A new Government Accountability Office report calls on the service cyber components, specifically the Army and Air Force, to improve training processes for their cyber forces to avoid further gaps in readiness.
The report, released Wednesday, recommends developing a plan to identify new training requirements with U.S. Cyber Command as the services transition from building to maintaining their Cyber Mission Force teams, noting that current efforts lack a set timeline to validate personnel.
“DoD has begun to shift focus from building to maintaining a trained CMF. The department developed a transition plan for the CMF that transfers foundational (phase two) training responsibility to the services. However, the Army and Air Force do not have time frames for required validation of foundational courses to CYBERCOM standards,” officials wrote in the report.
CMF teams work within their service cyber components to deliver offensive effects, conduct defensive operations and protect the DoD information network.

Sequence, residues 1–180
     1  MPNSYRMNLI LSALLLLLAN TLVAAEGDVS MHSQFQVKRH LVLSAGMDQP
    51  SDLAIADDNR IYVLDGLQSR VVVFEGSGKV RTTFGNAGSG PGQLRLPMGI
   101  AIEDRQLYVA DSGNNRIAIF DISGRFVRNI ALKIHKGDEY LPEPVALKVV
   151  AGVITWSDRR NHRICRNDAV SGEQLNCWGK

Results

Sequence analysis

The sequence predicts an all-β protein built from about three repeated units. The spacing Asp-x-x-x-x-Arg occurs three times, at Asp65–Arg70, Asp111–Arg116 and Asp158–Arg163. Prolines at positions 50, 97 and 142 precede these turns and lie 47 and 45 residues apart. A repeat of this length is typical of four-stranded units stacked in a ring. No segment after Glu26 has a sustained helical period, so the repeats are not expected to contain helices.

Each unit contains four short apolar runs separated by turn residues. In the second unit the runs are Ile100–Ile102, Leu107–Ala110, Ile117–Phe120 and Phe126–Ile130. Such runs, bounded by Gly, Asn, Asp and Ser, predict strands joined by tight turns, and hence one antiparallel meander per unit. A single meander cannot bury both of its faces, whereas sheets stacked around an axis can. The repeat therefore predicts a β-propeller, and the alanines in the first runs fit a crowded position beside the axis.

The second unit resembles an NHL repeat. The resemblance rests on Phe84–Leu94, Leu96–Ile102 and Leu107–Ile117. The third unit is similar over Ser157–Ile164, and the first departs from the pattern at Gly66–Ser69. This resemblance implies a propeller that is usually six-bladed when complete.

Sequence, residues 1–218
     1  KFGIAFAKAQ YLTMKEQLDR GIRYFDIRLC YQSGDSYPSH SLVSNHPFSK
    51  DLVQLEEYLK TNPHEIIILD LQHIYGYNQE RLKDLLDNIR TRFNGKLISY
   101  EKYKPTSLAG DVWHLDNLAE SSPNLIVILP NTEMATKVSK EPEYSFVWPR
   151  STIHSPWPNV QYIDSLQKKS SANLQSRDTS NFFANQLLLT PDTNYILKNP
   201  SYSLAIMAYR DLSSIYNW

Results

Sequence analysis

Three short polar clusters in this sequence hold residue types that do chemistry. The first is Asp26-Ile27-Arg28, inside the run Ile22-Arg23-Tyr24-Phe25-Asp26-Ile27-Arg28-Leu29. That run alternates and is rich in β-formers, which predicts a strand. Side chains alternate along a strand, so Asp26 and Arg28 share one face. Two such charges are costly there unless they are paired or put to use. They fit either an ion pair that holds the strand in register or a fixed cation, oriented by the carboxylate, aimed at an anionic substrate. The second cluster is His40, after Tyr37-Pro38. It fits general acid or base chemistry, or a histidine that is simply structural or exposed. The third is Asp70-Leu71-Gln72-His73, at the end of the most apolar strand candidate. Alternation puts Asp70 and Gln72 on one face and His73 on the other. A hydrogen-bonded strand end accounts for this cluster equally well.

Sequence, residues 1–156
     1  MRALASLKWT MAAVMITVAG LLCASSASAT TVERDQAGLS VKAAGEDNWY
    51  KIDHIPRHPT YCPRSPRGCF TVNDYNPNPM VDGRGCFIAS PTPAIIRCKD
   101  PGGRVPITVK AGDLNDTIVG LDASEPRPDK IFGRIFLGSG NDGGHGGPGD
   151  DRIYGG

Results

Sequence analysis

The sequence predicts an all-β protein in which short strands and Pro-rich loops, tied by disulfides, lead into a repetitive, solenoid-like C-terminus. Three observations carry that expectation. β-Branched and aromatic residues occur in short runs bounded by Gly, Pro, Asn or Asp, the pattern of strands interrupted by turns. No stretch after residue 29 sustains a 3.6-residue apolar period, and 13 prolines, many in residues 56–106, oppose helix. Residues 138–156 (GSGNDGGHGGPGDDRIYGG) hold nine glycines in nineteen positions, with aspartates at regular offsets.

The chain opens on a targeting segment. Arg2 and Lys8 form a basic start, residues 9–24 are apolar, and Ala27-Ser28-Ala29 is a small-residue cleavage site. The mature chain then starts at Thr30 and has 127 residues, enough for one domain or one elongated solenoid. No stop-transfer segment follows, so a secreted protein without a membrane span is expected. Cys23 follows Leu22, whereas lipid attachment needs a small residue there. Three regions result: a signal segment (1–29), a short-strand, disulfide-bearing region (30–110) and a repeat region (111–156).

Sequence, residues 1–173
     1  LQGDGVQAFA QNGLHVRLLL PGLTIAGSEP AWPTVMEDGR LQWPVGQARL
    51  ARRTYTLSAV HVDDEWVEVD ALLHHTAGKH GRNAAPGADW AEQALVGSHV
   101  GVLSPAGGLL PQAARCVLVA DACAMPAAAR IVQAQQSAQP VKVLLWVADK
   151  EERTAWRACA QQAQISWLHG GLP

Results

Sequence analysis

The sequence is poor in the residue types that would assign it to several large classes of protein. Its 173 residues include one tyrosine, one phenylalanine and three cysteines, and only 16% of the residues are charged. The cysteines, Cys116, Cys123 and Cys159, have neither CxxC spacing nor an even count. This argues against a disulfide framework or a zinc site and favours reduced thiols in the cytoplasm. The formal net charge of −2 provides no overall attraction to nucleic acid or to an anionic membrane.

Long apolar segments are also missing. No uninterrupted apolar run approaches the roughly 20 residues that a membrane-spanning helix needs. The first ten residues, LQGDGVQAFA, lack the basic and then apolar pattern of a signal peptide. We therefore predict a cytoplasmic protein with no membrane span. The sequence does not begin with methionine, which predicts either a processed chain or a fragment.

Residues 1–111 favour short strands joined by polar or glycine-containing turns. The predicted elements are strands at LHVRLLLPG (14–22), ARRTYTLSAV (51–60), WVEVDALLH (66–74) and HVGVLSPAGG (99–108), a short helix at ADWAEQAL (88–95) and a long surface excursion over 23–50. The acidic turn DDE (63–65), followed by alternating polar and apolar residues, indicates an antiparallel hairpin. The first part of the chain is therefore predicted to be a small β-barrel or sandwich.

All 133 teams reached full operational capability last May, four months ahead of schedule (Defense Daily, May 2018).
GAO officials wrote this push to reach FOC may have led to lower levels of operational readiness by overlooking training standards.
“We found that many of the CMF teams for which DoD has reported achieving full operational capability actually require further training, for varying reasons,” officials wrote.
The report specifically cites a lack of processes for training once the CMFs shift from Cyber Command to the service cyber components.
“The Army’s and Air Force’s lack of time frames, like those established by the Navy in its implementation plan, for validating phase two foundational training could contribute to training inefficiency and unnecessarily long time frames for training personnel,” officials wrote.
GAO’s recommendations include having the Army and Air Force identify time frames for validating CMF training courses, ensuring the services develop finalized CMF training plans with specific personnel requirements and push CYBERCOM to develop a plan for independent assessors to evaluate training standards.
Officials wrote that the DoD has agreed to the requirements included in the report.
Gen. Paul Nakasone, head of CYBERCOM, told the Senate Armed Services Committee at a Feb. 14 hearing his command may need to grow to address adversaries’ growing cyber threats (Defense Daily, Feb. 14).